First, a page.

“An outsider might look at them and think, ‘What are they learning?’” said Grace Alams, founder of Creative Kids. “‘They are running around and playing.’ Actually it’s all learning. It’s all intentional play.”
Added assistant director Benjamin: “This is about a mind shift from preschool as day care to preschool as early education. It’s an investment in children as they enter elementary.”
Alams admits that after decades in education, she initially found taking advice from coaches tough. For instance, a coach who observes the school twice a month suggested moving a bookcase to open up the block area. Alams liked the bookcase exactly where it was.
“I’d been doing this a while, so you’d think I would know how it’s done,” she said. But she moved the bookcase and saw immediate results. The block area is popular and crowded with kids. With the bookcase out of the way, the kids have more room to play, and to enter and exit the area. More room translated into fewer squabbles.
Above all else, joining Seattle’s preschool program has brought security, helping Alams cover costs ranging from teacher training to the higher pay commanded by bachelor’s-degree-holding teachers. Previously, Alams had to cover all such expenses on her own, which made her program more vulnerable to the vagaries of the market.
“Before the levy, we didn’t know if we would be open from year to year,” she said. “You were in an uneasy position where parents ask if you are going to have to close, or staff might ask if they should start looking for another job. That was a big weight off of us.”
For parents, a subsidized preschool means much-needed relief from the high cost of living in Seattle, the sixth most expensive city in the United States, according to the Cost of Living Index. Tuition at city-supported preschools is charged to parents on a sliding scale, based on income. A family of two making less than $49,463 pays no tuition at all, while the same family earning $60,000 would owe $1,437 per year. The maximum tuition is $10,173. Cincinnati and San Antonio have similar arrangements.
“Affordability is really important to us,” said Jake Rosenberg, 36, whose 4-year-old son, Keagan, is enrolled in Creative Kids. Rosenberg is a tugboat captain and his wife is a stay-at-home mom. “A lot of people wouldn’t be able to benefit from a program like this without the help.”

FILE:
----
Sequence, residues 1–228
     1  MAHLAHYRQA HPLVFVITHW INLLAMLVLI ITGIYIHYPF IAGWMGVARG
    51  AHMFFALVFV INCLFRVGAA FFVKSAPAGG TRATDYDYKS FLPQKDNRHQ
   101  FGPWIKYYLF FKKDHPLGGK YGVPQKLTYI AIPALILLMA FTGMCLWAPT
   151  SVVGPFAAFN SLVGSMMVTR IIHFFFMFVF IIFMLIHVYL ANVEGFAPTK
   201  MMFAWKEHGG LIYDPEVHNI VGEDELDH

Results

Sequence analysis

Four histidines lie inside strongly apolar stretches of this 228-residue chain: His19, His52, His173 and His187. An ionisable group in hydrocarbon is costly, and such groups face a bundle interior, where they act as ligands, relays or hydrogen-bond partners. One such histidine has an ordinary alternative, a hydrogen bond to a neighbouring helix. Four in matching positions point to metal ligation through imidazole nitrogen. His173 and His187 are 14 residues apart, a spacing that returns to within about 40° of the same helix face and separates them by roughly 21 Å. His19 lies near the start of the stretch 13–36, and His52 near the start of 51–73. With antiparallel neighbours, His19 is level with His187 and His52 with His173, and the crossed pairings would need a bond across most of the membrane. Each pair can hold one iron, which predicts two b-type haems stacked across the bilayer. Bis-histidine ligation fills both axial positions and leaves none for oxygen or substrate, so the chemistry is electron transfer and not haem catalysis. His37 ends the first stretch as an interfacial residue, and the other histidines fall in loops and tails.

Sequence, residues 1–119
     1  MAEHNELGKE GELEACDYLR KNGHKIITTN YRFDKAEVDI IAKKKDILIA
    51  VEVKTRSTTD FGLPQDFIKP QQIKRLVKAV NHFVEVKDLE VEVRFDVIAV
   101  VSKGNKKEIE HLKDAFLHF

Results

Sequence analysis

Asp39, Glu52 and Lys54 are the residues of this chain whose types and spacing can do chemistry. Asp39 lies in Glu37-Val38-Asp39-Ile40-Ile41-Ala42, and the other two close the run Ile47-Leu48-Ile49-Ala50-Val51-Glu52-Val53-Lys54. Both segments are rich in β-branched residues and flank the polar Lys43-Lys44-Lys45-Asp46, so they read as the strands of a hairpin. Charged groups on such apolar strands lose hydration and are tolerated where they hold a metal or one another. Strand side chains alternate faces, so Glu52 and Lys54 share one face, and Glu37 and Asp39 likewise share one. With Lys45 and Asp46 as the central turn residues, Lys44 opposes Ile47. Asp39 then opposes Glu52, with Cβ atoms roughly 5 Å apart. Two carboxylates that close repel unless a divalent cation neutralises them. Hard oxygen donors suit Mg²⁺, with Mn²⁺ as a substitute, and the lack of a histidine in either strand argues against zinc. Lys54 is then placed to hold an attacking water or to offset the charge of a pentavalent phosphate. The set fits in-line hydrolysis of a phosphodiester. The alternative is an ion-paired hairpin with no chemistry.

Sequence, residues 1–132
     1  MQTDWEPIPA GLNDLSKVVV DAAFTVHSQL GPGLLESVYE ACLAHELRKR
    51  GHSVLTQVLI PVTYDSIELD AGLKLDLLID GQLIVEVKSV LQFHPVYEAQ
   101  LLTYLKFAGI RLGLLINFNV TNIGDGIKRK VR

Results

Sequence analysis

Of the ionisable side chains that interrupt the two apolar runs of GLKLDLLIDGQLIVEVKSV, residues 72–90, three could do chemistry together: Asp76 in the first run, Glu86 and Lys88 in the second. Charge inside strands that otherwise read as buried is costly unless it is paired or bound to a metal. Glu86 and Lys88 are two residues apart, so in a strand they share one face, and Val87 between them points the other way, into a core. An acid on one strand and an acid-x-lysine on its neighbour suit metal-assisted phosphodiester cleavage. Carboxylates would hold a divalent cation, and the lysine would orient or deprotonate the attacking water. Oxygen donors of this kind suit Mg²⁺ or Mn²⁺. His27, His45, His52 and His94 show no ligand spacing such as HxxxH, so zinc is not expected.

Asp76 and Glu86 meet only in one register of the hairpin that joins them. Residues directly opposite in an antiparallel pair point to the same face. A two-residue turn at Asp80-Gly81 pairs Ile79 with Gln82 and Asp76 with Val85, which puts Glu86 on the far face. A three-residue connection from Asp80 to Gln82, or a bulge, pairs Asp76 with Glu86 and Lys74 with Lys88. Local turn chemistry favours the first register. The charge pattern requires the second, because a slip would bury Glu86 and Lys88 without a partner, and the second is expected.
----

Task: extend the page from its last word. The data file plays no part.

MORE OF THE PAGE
Susan Lee, operations director for early childhood education for Refugee Women’s Alliance (ReWA), a Seattle organization that helps integrate refugees into the greater community, said one of the reasons ReWA joined the city’s preschool program is that the tuition assistance allows providers to bring kids from a range of backgrounds into a single classroom.
“This way, low-income and high-income families all get the same care in the classroom,” said Lee. “They are intermixed so you really don’t know what their family situation is. The only difference is they might speak a different language.”
ReWA is the fastest-growing of the city’s providers with seven classrooms, four of which just opened in a brand-new center that Lee helped to design. “I wanted the school to be bright, spacious, clean, filled with fun and laughter, a school that children can be proud of,” said Lee. In the spring, the group will offer yet another 30 seats.
Not all efforts to pass new local taxes to fund city preschools have been successful. A ballot measure in Kansas City to pay for additional preschool seats with a sales tax failed in early April, lacking the support of district superintendents who argued the regressive tax would harm low-income families.
City leaders who are considering a tax to pay for preschool would do well to consider the source of that tax carefully, said Turner of Cincinnati Preschool Promise. She said a committee spent several years exploring options, initially considering an earnings tax, until the business community objected. A sales tax was ruled out, in part because of a lesson learned from Denver, which levied a sales tax only to fall millions shy of costs when the market tanked in 2008. (Voters have since approved a renewal and increase of the sales tax in Denver.)
“Denver had to make cuts to programming that were far from ideal,” said Turner. “Property tax is a much more stable source of funding. We asked for a substantial increase. It’s incredible how supported it was.”
Early childhood education advocates in Cincinnati took the time to get the backing of the business community and to ensure residents would be on board, according to Turner. They organized phone banks, held house parties and press conferences, and showed up at community events. The message: Invest early in quality education and you will save money on remediation in later grades, and prevent kids from dropping out or turning to crime. Preschool leaders in other cities outlined similar campaigns as the key to their success.
“It’s a smart investment to make on the front end that lingers and can be transformational for a community over time,” said Turner.
Cincinnati’s push for pre-K was a success. Support for preschool there was nearly as high as it was in Seattle: Although Cincinnati is a slightly more conservative city, the new tax passed with 62 percent of the vote. The only downside, said Turner, was the time limit on the tax, which was set to expire in just five years. “That’s not a lot of time to demonstrate success,” she said.